A vast country of spectacular landscapes, Mongolia is only recently starting to be picked up as an off-the-radar tourist destination. Seen by some as desolate, untamed, and remote, Mongolia is a warm and vibrant country with incredible sights just waiting to be discovered. We’ve uncovered a few of the best, but there are undoubtedly more to see in the Land of the Blue Skies.
So, without any further ado, here are some of Mongolia’s greatest sights:
Mongolia has one of the most varied landscapes of any country on earth, and this wild, rugged beauty has to be seen to be believed. From the Altai mountain range to the windswept Gobi Desert, Mongolia’s landscape is hardly touched by human industry and still makes up the majority of the country, broken here and there with roads, villages, and traditional nomadic yurts. Being so remote is appealing for many travelers looking for something different.
If you want to witness some of the best landscapes in Mongolia, you should then visit Gorkhi-Terelj National Park. Located only 70 km away from the capital of the country, this stunning national park is not just a perfect slice of Mongolia’s greatest sights, it has natural hot springs and the mountain pass of Gorkhiin Davaa as well.
Mongolia is also known for the Przewalski horse, also known as takhi in Mongolia. To see this rare and endangered beautiful animal, you can visit the Khustain Nuruu National Park. The park hosts Bronze Age monuments and miles of mountainous steppes, perfect for intrepid explorers.
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As one of the largest centers of Buddhism, in Mongolia, there are many beautiful temples and monasteries to explore throughout the country to seek out peace and tranquility on your travels. The Erdene Zuu monastery is one of the oldest surviving examples, dating back to 1586 and it’s situated in the world heritage site of the Orkhon Valley.
For those looking for a slightly easier temple to reach, the capital Ulaanbaatar has the Gandantegchinlen Monastery, which was renovated in 1990 and boasts some beautiful examples of prayer wheels, typical in Tibetan Buddhism.
The Flaming Cliffs
Venture into the Gobi Desert, one of the largest deserts in the world, and you’ll be rewarded with more than sand dunes. One of Mongolia’s greatest sights, The Flaming Cliffs has to be seen to be believed – and they’re named for the way the sun hits the sandstone cliffs as it sets, making them leap with a red light. A number of important dinosaur finds such as eggs and bones have also been made here, perfect for fans of ancient natural history.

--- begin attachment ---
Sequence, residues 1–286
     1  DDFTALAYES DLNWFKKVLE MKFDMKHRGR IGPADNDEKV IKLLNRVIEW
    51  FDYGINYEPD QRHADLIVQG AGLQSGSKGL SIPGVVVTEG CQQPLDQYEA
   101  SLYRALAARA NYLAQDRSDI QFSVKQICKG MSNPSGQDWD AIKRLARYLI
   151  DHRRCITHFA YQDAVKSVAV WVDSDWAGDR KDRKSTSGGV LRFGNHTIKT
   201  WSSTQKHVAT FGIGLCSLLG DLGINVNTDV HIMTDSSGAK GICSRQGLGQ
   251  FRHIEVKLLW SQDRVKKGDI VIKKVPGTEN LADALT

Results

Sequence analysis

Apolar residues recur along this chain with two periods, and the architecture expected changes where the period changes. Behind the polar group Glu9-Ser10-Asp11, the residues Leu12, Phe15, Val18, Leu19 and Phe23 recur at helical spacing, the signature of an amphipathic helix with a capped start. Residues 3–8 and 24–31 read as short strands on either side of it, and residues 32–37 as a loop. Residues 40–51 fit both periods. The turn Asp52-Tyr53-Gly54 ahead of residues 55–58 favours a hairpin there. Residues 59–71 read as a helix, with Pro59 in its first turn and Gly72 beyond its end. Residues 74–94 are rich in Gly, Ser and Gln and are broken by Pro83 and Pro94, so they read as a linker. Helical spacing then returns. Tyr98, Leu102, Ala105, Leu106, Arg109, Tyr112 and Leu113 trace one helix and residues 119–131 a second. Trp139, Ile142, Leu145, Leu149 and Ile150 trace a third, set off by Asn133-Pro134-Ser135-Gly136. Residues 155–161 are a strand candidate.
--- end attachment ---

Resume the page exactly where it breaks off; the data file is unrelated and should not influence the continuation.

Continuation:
Photo by Patrick Schneider on Unsplash
Mongolia is famous for its nomadic people, who are some of the most skilled horsemen in the world. Riding with golden eagles, bows, and arrows, and on sure-footed horses, the Mongolians are fiercely proud of their horse culture and celebrate with horse festivals throughout the year, the biggest of which is Naadaam.
Attend one of those horse festivals and see how this country’s relationship with horses has shaped their culture and played a vital role in helping them conquer the world back in the age of Atilla the Hun. Watch outstanding displays of talented horsemanship and maybe even have a try at riding one yourself!
Image by Enkhtamir Enkhdavaa from Pixabay
Ulaanbaatar is the capital and the largest city of Mongolia.
Here are some of the sights not to miss in Ulaanbaatar:
- Mongolian National Museum – learn about ancient Mongolia, the Mongol Empire, the soviet days and its independence journey.
- Zaisan Hill – Soviet memorial that commemorates those lost in World War Two.
- Gandan monastery – built in the mid 19th century, this is the largest and most significant monastery in Mongolia.
- Sukhbaatar Square – in the heart of Ulaanbaatar where you can see a statue of Sukhbaatar, a famous patriot who has been enshrined as the ”Father of Mongolia’s Revolution”. In the surroundings are located also the Parliament House, the Drama Theater and the Cultural Palace.
The Mongolian capital is connected by rail to Russia via the Trans-Siberian Railway and to China via the Chinese railway system.
Image by Erdenebayar Bayansan from Pixabay
The featured image is by Lightscape on Unsplash
Disclaimer: This article has been contributed to Owl Over The World.
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